Histology.

Animals were euthanized by intraperitoneal injections of sodium pentobarbital (Ovation Pharmaceutical, Deerfield, IL, USA) and immediately perfused transcardially with 0.01 M phosphate-buffered saline (PBS), pH 7.2, followed by 4% paraformaldehyde (Sigma-Aldrich; PFA) with 75 mM lysine (Sigma-Aldrich) and 10 mM sodium periodate (Sigma-Aldrich) in 0.1 M PB (PLP). Following perfusion, brains were immediately removed and post-fixed in PLP for 4-h, then transferred to a 20% sucrose solution (J.T. Baker, Phillipsburg, NJ, USA), and stored at 4°C for at least 48-h. Brains were sectioned in 30 µm coronal sections using a cryostat and organized into three series. One series of brain sections was stained for Nissl using thionin to determine the extent of the lesions. A second series was used for Neuropeptide Y (NPY) immunoreactivity.

NPY immunoreactivity.

A subset of brains was processed for NPY in sections from the SCN through the IGL (4 shams, 4 complete lesions of the IGL, 1 complete miss of the IGL, and 3 partial lesions of the IGL; see below). The sections were incubated in a rabbit anti-NPY antibody (Peninsula Laboratories, San Carlos, CA, USA; 1∶10,000) at 4°C for 48 h. Sections were then incubated in biotinylated goat anti-rabbit IgG secondary antibody (1:200; Vector Laboratories, Burlingame, CA) followed by amplification using an avidin-biotin peroxidase complex (Vector Laboratories). The NPY-ir was visualized using a diaminobenzidine solution with hydrogen peroxide (Sigma, St. Louis, MO). Sections were mounted onto gelatin-coated glass slides, dehydrated, and coverslipped with dibutyl phthalate xylene (DPX; Sigma-Aldrich). Photomicrographs of the SCN and IGL were taken using a high-resolution digital camera (Carl Zeiss, AxioCam MRC; Göttingen, Germany) connected to a Zeiss light microscope (Axioskop 2 Plus) to examine the loss of NPY in lesioned animals.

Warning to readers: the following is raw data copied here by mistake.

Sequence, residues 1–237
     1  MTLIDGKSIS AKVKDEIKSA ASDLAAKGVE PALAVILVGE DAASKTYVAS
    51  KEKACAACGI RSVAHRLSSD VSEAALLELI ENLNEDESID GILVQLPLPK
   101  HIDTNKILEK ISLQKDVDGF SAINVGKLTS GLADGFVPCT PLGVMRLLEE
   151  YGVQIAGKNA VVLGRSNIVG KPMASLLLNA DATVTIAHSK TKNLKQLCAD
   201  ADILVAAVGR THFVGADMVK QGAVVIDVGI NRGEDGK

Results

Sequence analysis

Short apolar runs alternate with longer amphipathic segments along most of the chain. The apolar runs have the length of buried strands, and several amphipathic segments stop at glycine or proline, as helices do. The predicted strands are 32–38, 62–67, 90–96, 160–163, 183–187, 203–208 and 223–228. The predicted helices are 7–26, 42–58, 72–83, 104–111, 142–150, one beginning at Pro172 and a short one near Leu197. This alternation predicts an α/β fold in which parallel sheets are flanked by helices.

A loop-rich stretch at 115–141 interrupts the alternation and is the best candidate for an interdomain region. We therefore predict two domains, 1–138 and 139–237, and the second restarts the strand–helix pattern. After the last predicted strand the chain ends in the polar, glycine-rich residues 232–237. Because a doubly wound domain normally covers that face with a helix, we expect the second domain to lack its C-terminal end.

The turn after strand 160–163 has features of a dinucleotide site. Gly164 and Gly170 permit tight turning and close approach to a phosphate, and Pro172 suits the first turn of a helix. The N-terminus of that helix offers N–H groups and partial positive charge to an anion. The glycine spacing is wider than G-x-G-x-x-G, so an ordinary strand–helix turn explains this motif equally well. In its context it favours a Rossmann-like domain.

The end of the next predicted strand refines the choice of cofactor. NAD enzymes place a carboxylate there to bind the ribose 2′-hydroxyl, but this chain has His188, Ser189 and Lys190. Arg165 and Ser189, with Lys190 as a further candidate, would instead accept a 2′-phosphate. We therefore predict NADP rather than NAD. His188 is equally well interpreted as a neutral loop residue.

To determine the extent of the lesions, thionin stained sections were evaluated independently by two experimenters who were not aware of the behavioral effects of the lesion for the individual animals. Raters traced the extent of the areas that were completely devoid of cells. Independent raters were in complete agreement upon whether or not the IGL was completely lesioned, partially intact, or completely intact. Brain sections with lesions of the IGL and/or surrounding regions were drawn at the rostral, middle, and caudal levels across the IGL using a projection scope (Ken-A-Vision, Model X-1000, Raytown, MO, USA). These drawings were transferred to a computer using a drawing tablet (WACOM, Vancouver, WA) and image software (Adobe Photoshop CS5, Adobe, San Jose, CA, USA). Drawings depicting the area of the lesions were overlaid on those of corresponding brain sections of grass rats, using the Paxinos & Watson rat atlas [28] as a guide for identifying brain areas.

Data Analysis.

Histological evaluation of the sections identified three animals with either unilateral or partial bilateral damage to the IGL and one with a lesion that spared the IGL completely, with damage primarily to the dorsolateral geniculate nucleus (DLG). These four cases were excluded from the statistical analyses of behavior, which were based on 20 animals with complete IGL lesions and 8 sham-operated controls. Raw general activity data were converted into actograms using the ClockLab Program (Actimetrics, Wilmette, IL), viewed in Microsoft Excel, and analyzed with SPSS.

To evaluate the effects of light and dark pulses, activity counts from the same 1-h interval from the pulse day and preceding baseline day were compared. For 1-h dark pulses, a 3-way ANOVA was used to analyze the data with a 2×2×4 factorial design [surgical condition (sham vs. IGL lesion) x lighting condition (baseline vs. 1-h dark pulse) x time of day (ZT0, 1, 6 and 10); surgical condition as the between-group factor and both lighting condition and time of day as the within-group factors]. Significant interactions were followed by analyses of simple main effects of the pulses within ZTs and surgical condition using paired sample t-tests. For the 1-h light pulse, a 2-way ANOVA was used to analyze the data with a 2×2 factorial design [surgical condition (sham vs. IGL lesion; between-group factor) x pulse (baseline vs. 1-h light pulse; within-group factor)]. A significant interaction was followed by paired t-tests, which were used to analyze the simple main effects of the light pulses within each surgical condition.